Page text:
Submitted to: Agronomy Journal
Publication Type: Peer Reviewed Journal
Publication Acceptance Date: 12/1/2008
Publication Date: 1/8/2009
Citation: Baker, J.T., Van Pelt, R.S., Gitz, D.C., Payton, P.R., Lascano, R.J., McMichael, B.L. 2009. Canopy gas exchange measurements of cotton in an open system. Agronomy Journal. 101(1):52-59. Interpretive Summary: Plants grow by using sunlight to capture carbon dioxide out of the air and fixing this into simple sugars in a process called photosynthesis. At the same time, plants loose water to the atmosphere in a process called transpiration. Both of these processes are good indicators of how various environmental factors, such as drought, influence plant growth and crop yield. We developed a portable transparent chamber that can be placed over plants in the field and used to measure the rates of both photosynthesis and transpiration. We tested this chambers ability to measure transpiration by comparing this transpiration rate with water loss from potted plants measured with a simple weighing scale. We found good agreement between transpiration measured by the chamber and the scale indicating that this chamber system will provide a valuable tool for future research on crop water use and water use efficiency.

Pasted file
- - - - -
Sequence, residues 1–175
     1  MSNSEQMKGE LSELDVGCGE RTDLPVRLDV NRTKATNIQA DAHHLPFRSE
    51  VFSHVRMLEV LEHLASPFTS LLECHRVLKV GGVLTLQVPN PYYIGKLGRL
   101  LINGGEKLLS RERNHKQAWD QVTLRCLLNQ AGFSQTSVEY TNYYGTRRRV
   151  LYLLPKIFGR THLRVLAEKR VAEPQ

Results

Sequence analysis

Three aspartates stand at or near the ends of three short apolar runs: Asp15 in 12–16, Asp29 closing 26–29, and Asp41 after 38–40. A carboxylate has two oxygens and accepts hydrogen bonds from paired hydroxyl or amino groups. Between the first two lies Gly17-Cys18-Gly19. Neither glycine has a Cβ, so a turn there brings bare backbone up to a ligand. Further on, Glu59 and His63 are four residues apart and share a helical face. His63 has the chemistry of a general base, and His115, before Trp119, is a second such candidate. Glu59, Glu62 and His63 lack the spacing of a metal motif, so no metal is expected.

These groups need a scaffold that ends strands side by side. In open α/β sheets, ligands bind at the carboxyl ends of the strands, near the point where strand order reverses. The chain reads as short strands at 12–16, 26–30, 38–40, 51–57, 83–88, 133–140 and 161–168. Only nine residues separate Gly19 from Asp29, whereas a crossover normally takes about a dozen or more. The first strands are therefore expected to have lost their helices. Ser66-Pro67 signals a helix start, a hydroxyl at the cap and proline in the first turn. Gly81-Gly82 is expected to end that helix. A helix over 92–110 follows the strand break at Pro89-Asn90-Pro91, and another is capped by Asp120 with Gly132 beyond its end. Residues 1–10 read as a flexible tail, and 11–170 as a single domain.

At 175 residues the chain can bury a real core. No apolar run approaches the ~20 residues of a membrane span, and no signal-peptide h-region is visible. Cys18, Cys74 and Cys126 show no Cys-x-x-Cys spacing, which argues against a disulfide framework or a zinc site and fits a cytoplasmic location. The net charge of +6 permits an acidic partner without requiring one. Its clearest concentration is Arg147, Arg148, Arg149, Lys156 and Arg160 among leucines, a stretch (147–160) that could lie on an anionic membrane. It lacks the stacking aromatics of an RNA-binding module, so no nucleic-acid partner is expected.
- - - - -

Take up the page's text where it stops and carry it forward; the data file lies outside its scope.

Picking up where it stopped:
Technical Abstract: A portable, CETA (Canopy Evapo-Transpiration and Assimilation) chamber system was built and evaluated in 2006. This chamber system is an open or flow-through system that, once field deployed, can operate unattended for extended periods. The CETA chamber consisted of an aluminum framework, 1 m x 0.75 m in cross-section and 1 m tall covered with transparent film. Differentials between incoming and outgoing atmospheric H2O and CO2 concentrations were used to calculate canopy transpiration (E) and net assimilation (A) at 10 s intervals using solenoid valve actuated sample lines connected to an infrared gas analyzer. A programmable data logger controlled fan speed and airflow rate to control daytime chamber air temperature to within 0.5 ºC of ambient air temperature using a feedback control algorithm. The use of the variable speed fan to limit heat build up during the day was found to be feasible provided there is sufficient leaf area and soil water for latent energy removal from the system. To validate the mass balance equations used to calculate E, the CETA chamber was placed over sealed soil potted cotton plants resting atop a weighing scale. A similar weighing scale, external to the chamber, was used to measure E of cotton plants outside the chamber in order to quantify potential “chamber effects”. A wide range of crop canopy leaf areas and soil water content were created with greenhouse-grown plants for both of these comparisons. Data analysis indicated agreement between CETA E measurements and the internal weighing scale, as well as comparison between the internal and external weighing scales across wide ranges of soil water contents and canopy leaf area. Bias estimates of E for CETA vs. internal scale and the internal vs. external scale were -6.0 and 4.6 g (H2O) h-1. We conclude that the CETA chamber can provide sufficiently accurate estimation of E for many field applications such as comparison of canopy gas exchanges and water use efficiencies among different cultivars.